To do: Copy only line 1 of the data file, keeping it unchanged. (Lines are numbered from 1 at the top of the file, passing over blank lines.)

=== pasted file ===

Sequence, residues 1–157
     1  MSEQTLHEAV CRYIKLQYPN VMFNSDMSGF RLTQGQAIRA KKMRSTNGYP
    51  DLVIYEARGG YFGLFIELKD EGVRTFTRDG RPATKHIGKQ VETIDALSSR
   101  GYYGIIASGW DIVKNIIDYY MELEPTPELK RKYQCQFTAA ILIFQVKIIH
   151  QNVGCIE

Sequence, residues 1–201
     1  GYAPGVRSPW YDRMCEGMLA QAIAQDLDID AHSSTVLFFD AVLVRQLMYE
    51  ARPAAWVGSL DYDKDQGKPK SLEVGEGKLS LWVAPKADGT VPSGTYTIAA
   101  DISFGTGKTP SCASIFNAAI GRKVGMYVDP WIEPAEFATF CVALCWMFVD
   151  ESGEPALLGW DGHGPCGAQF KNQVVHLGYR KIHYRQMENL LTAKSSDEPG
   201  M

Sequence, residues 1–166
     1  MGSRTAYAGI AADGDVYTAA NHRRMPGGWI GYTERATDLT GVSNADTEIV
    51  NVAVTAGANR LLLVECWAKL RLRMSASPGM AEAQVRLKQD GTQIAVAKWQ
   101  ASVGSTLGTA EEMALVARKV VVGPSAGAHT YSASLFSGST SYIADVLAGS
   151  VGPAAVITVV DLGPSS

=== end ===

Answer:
Sequence, residues 1–157